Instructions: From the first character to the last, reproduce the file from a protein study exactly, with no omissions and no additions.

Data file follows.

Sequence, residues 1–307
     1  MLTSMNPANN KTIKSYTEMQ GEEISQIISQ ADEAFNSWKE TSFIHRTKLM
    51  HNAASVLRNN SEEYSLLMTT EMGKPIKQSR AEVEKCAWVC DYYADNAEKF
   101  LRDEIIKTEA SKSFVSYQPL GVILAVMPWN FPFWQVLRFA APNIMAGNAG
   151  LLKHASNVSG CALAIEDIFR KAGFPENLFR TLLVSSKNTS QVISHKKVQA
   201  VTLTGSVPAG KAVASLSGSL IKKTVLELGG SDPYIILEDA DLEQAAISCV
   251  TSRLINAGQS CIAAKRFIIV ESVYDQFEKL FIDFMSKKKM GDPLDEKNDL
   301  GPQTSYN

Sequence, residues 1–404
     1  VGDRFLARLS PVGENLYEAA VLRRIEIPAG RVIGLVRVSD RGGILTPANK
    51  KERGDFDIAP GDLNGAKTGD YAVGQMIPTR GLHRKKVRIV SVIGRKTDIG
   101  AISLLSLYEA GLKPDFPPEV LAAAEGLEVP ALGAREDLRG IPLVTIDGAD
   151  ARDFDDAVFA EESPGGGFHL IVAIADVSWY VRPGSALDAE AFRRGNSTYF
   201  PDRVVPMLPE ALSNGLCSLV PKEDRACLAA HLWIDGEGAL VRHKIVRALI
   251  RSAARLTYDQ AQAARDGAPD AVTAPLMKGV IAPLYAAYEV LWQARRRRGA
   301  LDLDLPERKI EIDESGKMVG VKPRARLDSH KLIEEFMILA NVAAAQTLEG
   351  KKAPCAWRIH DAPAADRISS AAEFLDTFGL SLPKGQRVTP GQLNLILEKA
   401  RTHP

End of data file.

Sequence, residues 1–307
     1  MLTSMNPANN KTIKSYTEMQ GEEISQIISQ ADEAFNSWKE TSFIHRTKLM
    51  HNAASVLRNN SEEYSLLMTT EMGKPIKQSR AEVEKCAWVC DYYADNAEKF
   101  LRDEIIKTEA SKSFVSYQPL GVILAVMPWN FPFWQVLRFA APNIMAGNAG
   151  LLKHASNVSG CALAIEDIFR KAGFPENLFR TLLVSSKNTS QVISHKKVQA
   201  VTLTGSVPAG KAVASLSGSL IKKTVLELGG SDPYIILEDA DLEQAAISCV
   251  TSRLINAGQS CIAAKRFIIV ESVYDQFEKL FIDFMSKKKM GDPLDEKNDL
   301  GPQTSYN

Sequence, residues 1–404
     1  VGDRFLARLS PVGENLYEAA VLRRIEIPAG RVIGLVRVSD RGGILTPANK
    51  KERGDFDIAP GDLNGAKTGD YAVGQMIPTR GLHRKKVRIV SVIGRKTDIG
   101  AISLLSLYEA GLKPDFPPEV LAAAEGLEVP ALGAREDLRG IPLVTIDGAD
   151  ARDFDDAVFA EESPGGGFHL IVAIADVSWY VRPGSALDAE AFRRGNSTYF
   201  PDRVVPMLPE ALSNGLCSLV PKEDRACLAA HLWIDGEGAL VRHKIVRALI
   251  RSAARLTYDQ AQAARDGAPD AVTAPLMKGV IAPLYAAYEV LWQARRRRGA
   301  LDLDLPERKI EIDESGKMVG VKPRARLDSH KLIEEFMILA NVAAAQTLEG
   351  KKAPCAWRIH DAPAADRISS AAEFLDTFGL SLPKGQRVTP GQLNLILEKA
   401  RTHP